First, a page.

Avoiding Corrupt Third-Party Suppliers

Jeffrey Alan Thinnes


May 1, 2014

FF_suppliersGlobalization and the rapid rise of outsourcing have vastly increased companies' dependence on multi-tiered suppliers and other third parties. While this has led to greater efficiencies, it has also added new legal, financial and reputational risks as companies are increasingly in investigators' crosshairs-and media headlines-due to the actions of rogue third parties.

Stricter national and international laws now clearly hold companies responsible for the corrupt practices of their business partners. Examples include the OECD Anti-Bribery Convention, the United Nations Convention against Corruption, Canada's amended Corruption of Foreign Public Officials Act and the U.K. Bribery Act.

Spurred by international cooperation in fighting terrorism and money laundering, improved cross-border investigation and law enforcement are making it harder to hide the fruits of corruption. Civil fines and criminal prison sentences are on the rise, even in countries once presumed to have lax compliance standards. These penalties and severe reputational damage are forcing companies to take a more serious look at managing third-party ethics and compliance risks. As a result, in order to maintain effective third-party relationships while simultaneously mitigating risk, companies must first understand the current landscape.

Recent legislative developments mean that the perimeter for compliance risks no longer ends at a company's own facilities or with its own employees. Regulators expect all companies to have compliance programs that reflect their risk profile, and larger companies with more resources or those active in high-risk regions should have the most robust programs in place. It is therefore important that programs be structured according to a serious assessment of risk and a targeted mitigation plan.

So what can companies do? First, go back to the basics. Before hiring third parties, demand a clear explanation of what service they will perform and value they will deliver. Also confirm that you do not have the capacity or know-how to do it internally-never hire third parties just for expedience.

Conduct an initial risk assessment to determine the level of due diligence that will be necessary for each third party. This sounds harder than it is. By developing a simple questionnaire and process, you can quickly determine whether the prospective third party presents a high, medium or low compliance risk. For example, does the third party operate in a country ranked poorly on corruption indices? Will it interact with government officials? Is it owned by, or closely affiliated with, government entities? Is it requesting unusual commercial terms like payments into foreign bank accounts?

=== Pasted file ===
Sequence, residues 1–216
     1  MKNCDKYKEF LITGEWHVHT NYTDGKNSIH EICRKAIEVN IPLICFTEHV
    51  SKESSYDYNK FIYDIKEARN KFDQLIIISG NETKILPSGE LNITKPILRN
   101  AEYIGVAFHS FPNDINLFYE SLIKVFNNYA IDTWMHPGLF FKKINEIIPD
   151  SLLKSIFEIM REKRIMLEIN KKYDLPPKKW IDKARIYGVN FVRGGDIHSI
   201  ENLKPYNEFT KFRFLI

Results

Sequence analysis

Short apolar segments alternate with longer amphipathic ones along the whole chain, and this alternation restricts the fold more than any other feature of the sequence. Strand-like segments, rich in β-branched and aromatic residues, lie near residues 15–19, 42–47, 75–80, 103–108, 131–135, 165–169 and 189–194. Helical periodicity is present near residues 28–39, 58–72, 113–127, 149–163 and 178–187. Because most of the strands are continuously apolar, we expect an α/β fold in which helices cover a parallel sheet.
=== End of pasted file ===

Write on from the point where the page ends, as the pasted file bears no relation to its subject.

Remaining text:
Structure your due diligence based on the results. Low risk may only require basic internet-driven research with some local inquiries into the prospective partner's reputation. But a high-risk third party (such as one located in a notoriously corrupt country or one that will interact with government officials) may require a more intense review, including personal site visits and meetings. With higher-risk third parties, you should secure the right to audit-with or without warning-for ethics and compliance matters. All third-party contracts need to adhere to your code of conduct or a comparable set of ethics and compliance standards.

Be very clear internally about who is responsible for signing the contract with a third party and designate who will be accountable for managing the ongoing relationship. A low-risk third party today-through a merger, management change or any number of factors-can become a high-risk partner next year. Thus, it is critical to periodically update your due diligence.

All departments that interact with third parties (such as legal, audit, quality, sales and purchasing) should help manage the risk. Employees who have doubts or suspicions about a third party's behavior should know whom to contact and feel comfortable enough to do so.

Trust your third parties, but don't be naive. Verify where you have sufficient reason to suspect gaps. Reward business partners who meet your ethical and compliance standards while encouraging improvement among those who don't. Many companies offer assistance to their third parties, including training and on-site coaching, to help them meet and exceed desired standards.

You can have an effective, lean ethics and compliance program if you create a culture that makes everyone-including your business partners-aware of their responsibility to act with integrity. Partners need to understand that adherence to your standards of ethical and legal behavior is not a choice, but a requirement for doing business.
Jeffrey Alan Thinnes is an international ethics and compliance expert and the CEO and co-founder of JTI, Inc.